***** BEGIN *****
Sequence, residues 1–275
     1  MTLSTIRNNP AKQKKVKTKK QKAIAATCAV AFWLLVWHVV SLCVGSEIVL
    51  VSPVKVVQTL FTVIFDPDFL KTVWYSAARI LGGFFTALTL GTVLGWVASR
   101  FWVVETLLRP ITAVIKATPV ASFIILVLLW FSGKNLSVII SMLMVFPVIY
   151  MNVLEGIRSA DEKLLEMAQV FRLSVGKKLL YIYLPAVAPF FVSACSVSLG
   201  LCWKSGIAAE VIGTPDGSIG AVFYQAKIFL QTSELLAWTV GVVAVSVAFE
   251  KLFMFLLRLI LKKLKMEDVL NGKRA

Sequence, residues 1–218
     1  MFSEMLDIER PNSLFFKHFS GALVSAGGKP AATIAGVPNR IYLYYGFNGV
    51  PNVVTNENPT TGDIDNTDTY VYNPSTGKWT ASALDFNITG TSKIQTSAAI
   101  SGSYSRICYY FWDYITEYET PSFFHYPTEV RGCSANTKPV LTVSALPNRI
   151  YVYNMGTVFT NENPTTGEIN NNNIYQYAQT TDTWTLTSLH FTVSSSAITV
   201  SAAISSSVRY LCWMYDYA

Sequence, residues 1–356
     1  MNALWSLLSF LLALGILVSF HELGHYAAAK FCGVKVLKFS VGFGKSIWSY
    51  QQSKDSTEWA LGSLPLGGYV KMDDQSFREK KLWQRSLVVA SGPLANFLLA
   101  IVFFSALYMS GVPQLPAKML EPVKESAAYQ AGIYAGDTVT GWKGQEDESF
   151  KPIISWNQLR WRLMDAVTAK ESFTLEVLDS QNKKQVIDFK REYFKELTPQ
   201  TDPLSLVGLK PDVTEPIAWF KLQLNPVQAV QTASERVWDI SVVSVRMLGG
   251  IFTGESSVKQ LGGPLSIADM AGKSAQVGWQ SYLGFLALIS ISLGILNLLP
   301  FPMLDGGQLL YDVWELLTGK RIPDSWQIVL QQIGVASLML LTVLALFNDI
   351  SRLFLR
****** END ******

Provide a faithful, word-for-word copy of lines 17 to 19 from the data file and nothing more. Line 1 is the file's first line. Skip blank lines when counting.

   101  IVFFSALYMS GVPQLPAKML EPVKESAAYQ AGIYAGDTVT GWKGQEDESF
   151  KPIISWNQLR WRLMDAVTAK ESFTLEVLDS QNKKQVIDFK REYFKELTPQ
   201  TDPLSLVGLK PDVTEPIAWF KLQLNPVQAV QTASERVWDI SVVSVRMLGG